Serena Williams is adjusting to life after tennis.

In a sit-down interview with Gayle King on CBS Mornings Wednesday, Williams, 41, opened up about how she felt after her final match, her hope of giving her daughter, Olympia, a sibling and whether or not tennis is in her future.

The 23-time Grand Slam champion said she was “not very happy” the morning after she lost in the third round of the US Open in September. “It was more or less like, ‘I can’t believe I let that match go,’ more than anything,” she told King.

She had said she would be “evolving away from tennis” after the tournament in a first-person essay for Vogue, but has since said she is “not retired,” and her chances of a return are “very high.”

When King asked whether the door was still open, Williams gave a definitive “no.”

“I’ve literally given my whole life to tennis, and it’s time for me to give my life to something else,” she said.

While her dad is pushing her to get back on the court — “My dad is like, ‘Serena, you should play like, two more Grand Slams,’ and I’m like, ‘Dad, stop'” — it doesn’t seem like that’s likely to happen anytime soon.

“I feel relief when I look at the court,” she said as she and King sat alongside the court on the property of her and husband Alexis Ohanian’s farm in south Florida. “I’m so happy I don’t have to train for two hours a day.”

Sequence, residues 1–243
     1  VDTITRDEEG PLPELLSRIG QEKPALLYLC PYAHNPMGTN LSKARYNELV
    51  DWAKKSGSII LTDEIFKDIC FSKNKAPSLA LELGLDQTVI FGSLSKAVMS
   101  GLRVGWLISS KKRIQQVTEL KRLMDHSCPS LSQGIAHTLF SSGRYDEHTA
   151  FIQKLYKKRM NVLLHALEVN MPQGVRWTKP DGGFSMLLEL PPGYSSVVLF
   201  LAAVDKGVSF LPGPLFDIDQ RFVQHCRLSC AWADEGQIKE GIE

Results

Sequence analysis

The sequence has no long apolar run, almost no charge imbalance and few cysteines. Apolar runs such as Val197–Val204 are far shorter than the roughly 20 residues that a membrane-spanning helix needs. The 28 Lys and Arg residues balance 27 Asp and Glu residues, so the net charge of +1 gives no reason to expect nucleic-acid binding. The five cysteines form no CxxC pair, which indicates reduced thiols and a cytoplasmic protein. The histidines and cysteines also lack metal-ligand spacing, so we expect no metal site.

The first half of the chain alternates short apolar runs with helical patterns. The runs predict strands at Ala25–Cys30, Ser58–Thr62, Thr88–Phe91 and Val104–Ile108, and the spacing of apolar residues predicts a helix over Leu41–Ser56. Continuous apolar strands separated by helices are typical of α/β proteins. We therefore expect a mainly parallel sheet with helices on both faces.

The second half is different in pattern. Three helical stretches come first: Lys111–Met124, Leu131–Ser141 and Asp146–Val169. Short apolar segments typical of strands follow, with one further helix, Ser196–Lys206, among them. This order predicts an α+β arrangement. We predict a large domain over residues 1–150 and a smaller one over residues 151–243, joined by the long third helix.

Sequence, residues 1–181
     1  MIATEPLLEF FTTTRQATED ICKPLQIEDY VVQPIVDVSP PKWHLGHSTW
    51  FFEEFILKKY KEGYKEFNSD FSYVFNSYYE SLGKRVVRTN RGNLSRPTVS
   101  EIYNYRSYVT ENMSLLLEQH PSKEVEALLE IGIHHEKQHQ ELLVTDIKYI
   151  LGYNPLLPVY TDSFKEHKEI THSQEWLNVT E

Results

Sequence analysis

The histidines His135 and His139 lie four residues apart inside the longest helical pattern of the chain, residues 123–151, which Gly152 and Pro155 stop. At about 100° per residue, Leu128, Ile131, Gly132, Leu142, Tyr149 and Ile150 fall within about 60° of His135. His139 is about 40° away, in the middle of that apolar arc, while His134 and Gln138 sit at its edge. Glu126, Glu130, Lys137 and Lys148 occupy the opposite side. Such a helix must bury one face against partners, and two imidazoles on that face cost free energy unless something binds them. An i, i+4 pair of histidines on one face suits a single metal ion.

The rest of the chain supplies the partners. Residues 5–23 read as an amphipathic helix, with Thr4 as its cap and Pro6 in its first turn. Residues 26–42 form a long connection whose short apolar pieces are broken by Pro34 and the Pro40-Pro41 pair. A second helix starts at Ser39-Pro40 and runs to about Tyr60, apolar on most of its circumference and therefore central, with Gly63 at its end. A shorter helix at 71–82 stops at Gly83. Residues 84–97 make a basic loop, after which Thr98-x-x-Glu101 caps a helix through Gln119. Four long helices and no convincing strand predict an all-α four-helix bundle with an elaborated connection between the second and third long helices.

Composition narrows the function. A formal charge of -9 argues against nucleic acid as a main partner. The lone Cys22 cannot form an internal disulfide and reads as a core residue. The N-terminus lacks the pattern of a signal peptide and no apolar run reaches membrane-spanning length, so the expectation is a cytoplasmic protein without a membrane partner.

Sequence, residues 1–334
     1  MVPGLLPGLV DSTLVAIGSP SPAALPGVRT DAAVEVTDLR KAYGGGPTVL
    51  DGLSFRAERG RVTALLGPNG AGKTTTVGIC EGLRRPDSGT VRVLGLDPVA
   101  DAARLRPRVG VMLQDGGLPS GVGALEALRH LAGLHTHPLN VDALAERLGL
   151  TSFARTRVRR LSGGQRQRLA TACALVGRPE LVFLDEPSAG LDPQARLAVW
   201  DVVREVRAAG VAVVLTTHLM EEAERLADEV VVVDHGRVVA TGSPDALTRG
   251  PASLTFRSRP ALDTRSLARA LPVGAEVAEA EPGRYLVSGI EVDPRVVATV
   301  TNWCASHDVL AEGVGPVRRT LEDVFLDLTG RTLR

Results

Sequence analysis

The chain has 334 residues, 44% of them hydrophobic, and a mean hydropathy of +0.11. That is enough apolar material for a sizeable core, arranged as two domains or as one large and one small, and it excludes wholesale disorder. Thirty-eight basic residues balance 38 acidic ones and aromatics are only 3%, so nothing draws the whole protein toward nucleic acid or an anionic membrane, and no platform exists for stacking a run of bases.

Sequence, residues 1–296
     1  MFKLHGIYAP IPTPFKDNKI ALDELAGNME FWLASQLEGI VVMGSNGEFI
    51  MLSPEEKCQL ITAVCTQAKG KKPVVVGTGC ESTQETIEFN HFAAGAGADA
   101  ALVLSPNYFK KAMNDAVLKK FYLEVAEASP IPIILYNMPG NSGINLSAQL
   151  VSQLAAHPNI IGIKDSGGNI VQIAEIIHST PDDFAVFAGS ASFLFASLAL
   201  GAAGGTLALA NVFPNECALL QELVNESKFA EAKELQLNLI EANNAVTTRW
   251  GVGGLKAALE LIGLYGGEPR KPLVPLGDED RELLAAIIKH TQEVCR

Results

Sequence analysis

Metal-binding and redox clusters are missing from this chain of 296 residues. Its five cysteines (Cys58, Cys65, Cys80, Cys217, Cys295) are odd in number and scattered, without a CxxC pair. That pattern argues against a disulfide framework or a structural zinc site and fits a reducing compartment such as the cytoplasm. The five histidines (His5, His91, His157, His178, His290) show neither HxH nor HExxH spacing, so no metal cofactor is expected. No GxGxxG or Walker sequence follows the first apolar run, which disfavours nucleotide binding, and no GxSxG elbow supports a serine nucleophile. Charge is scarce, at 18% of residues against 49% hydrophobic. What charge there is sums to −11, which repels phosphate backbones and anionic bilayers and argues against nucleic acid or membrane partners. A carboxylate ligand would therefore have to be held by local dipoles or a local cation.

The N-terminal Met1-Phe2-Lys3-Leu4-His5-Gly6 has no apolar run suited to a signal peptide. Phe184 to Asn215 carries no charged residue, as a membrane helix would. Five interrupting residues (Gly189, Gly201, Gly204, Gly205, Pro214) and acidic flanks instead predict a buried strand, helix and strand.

She said it’s harder when she looks at “old pictures,” and thinks, “‘Oh, I miss that.'”

Though she has a lot more time on her hands now, Williams said she finds it quite difficult to enjoy the downtime after so many years of a rigid schedule. “It’s so hard for me to relax,” she told King with a laugh. “I don’t know how to relax. I have to schedule it in my schedule.”

Life after tennis: <a href="" data-inlink="true">Serena Williams</a> on business ventures, family and her farm

Now, Williams is focused on raising her daughter, Olympia, 5, who she told the PEOPLE Everyday Podcast is pretty happy about her mom’s new lifestyle.

“She wants to make sure that I’m aware that I should have time on my hands and I need to spend more time with her,” Williams told host Janine Rubenstein in December.

<a href="" data-inlink="true">Serena Williams</a>, Alexis Olympia

The toddler has also made it clear to Williams that she’s keen to be a big sister, as she’s noticed many other kids in school have siblings. Williams tells her that she’s “working on it.”

Having another child was a contributing factor in Williams’ decision to step away from tennis, too. King shared that she said if she were a man, “in the health she was in, she’d probably still be playing tennis because she loves it so much, but family is also a very top priority.”

Alexis Ohanian (L) and <a href="" data-inlink="true">Serena Williams</a>

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Aside from focusing on expanding her and Ohanian’s family, Williams is also channeling her energy into her venture capital film, Serena Ventures. Now that she’s not winning on the court, she said “winning to me is just picking out the best deals to invest in.”

The firm focuses on funding companies with diverse backgrounds.

“We need people like me, we need women writing the checks, because I really am a big believer in like attracts like.”